The greatest tales of inspiration in sports usually involve an athlete who has stumbled, then recovered. Whether the crux of the story involves injury, illness, disappointment, failure or some other form of hardship, the sports star who defies outside forces and reaches a pinnacle of achievement holds a place in the hearts and minds of fans usually reserved for family members and sweethearts.
Mario Lemieux (Canada), ice hockey: Just the name is enough to wobble the knees of the most hardened, toothless National Hockey League enforcer. But the sight of him on skates and holding a stick is positively terrifying, especially since he practically picked up where he left off when he retired at the end of the 1996-97 season, after a cancer scare, back surgery and general fatigue had taken their toll.
In his return Dec. 27, the 35-year-old Lemieux had a goal and two assists to lead the Pittsburgh Penguins to a 5-0 rout of the Toronto Maple Leafs. By the end of January, Lemieux had a dominating 30 points in 15 games.
Jennifer Capriati (U.S.), tennis: In the beginning, there was nothing outlandish about the idea of Capriati hoisting the champion’s trophy from a Grand Slam event. Such happenings were deemed inevitable ever since the wunderkind turned professional in March 1990, and especially after she earned the gold medal at the 1992 Barcelona Olympics. But then came a long period of disappointment, marked by various drug and alcohol problems.
If there was any doubt that 25-year-old Capriati is back, it evaporated when she smoked top-seeded Martina Hingis 6-4, 6-3, to win the Australian Open. That placed her seventh in the world, her highest ranking since 1994, when she was No. 9.
Janica Kostelic (Croatia), skiing: In December 1999, Kostelic crashed on a training run in St. Moritz, Switzerland. The incident caused extensive damage to her left knee. A promising career that began in juniors and got a major boost when she became the youngest World Cup race winner in skiing history in a 1999 event at St. Anton, Austria, was in serious doubt.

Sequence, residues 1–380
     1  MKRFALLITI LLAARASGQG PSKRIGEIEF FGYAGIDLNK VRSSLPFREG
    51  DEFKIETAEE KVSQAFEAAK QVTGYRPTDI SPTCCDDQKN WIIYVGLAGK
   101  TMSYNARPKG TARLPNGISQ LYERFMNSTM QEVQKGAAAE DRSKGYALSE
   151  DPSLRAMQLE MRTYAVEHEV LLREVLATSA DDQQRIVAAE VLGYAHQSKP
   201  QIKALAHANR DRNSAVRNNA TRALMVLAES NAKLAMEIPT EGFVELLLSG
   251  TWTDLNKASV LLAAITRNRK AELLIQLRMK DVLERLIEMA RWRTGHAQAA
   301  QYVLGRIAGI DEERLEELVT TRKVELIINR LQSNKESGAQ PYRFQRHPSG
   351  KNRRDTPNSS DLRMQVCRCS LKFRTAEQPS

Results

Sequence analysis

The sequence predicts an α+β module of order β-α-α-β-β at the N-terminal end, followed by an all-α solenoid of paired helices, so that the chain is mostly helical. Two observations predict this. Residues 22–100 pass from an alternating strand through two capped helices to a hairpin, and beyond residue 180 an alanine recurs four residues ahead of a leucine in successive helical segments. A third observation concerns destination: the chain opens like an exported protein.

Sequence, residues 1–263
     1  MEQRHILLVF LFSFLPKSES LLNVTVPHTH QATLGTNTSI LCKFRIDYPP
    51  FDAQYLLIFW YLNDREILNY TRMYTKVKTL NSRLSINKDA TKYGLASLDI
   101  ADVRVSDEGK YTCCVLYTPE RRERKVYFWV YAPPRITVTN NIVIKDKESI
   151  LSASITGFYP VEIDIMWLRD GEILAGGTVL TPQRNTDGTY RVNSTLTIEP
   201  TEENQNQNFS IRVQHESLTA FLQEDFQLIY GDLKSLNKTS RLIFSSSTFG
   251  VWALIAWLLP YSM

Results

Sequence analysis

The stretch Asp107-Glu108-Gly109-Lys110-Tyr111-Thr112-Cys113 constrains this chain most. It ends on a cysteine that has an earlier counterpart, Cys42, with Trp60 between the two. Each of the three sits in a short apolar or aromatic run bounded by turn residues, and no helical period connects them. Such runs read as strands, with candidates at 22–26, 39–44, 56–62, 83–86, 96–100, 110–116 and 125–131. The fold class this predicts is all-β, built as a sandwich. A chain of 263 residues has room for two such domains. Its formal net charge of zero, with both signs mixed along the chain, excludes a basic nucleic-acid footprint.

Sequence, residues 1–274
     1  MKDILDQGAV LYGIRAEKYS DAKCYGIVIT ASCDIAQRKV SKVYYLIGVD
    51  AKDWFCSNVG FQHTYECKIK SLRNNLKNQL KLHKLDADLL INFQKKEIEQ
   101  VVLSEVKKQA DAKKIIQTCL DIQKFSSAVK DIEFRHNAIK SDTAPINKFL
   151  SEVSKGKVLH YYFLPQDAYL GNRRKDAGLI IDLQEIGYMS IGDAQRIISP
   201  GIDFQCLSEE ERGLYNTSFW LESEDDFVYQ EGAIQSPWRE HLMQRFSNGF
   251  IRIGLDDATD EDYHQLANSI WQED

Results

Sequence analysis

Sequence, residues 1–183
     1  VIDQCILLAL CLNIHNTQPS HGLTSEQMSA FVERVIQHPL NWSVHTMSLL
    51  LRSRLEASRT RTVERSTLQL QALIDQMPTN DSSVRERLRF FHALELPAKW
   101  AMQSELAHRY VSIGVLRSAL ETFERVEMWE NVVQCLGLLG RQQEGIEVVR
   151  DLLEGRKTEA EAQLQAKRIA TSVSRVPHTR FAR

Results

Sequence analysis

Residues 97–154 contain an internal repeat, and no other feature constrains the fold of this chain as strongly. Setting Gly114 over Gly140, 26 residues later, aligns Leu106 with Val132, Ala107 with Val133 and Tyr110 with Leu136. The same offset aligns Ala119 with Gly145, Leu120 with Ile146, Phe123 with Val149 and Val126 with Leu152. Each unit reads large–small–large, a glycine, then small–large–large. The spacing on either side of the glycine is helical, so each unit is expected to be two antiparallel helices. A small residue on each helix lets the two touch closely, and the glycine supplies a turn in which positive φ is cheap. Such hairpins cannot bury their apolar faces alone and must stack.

Her mission since then has been to put that doubt to rest, and she succeeded in spectacular fashion. During the 2000-2001 World Cup season, Kostelic, 25, won the first six slalom races — stretching her victory streak in the downhill to eight races.
Dara Torres (U.S.), swimming: Usually, someone who returns to competitive swimming after a seven-year retirement is simply in dire need of career counseling. Try telling that to Torres.
After captaining the U.S. team in Barcelona in ’92, she hung up her goggles. Despite the odds, she returned in July of 1999. Last year, she broke the U.S. record in 50 meters at the Cadillac Challenge in Los Angeles.
But her greatest moments came at the Sydney Olympics, where she became the first American to swim in her fourth Olympiad. Torres, 34, won two gold medals — in the women’s 4 x 100-meter medley and the women’s 4 x 100 freestyle — as well as three bronze medals.
Heike Dreschler (Germany), track and field: Durability is not a trait automatically associated with long jumpers. But at 36, Dreschler’s accomplishments in 2000 betrayed conventional thinking. She won her second Olympic gold medal at Sydney last year. She also went on to win the Grand Prix final in Doha, Qatar.
Those leaps only added to her sparking credentials, which include three European Championship gold medals. What’s more, Dreschler has produced leaps of over seven meters more than 400 times in her career.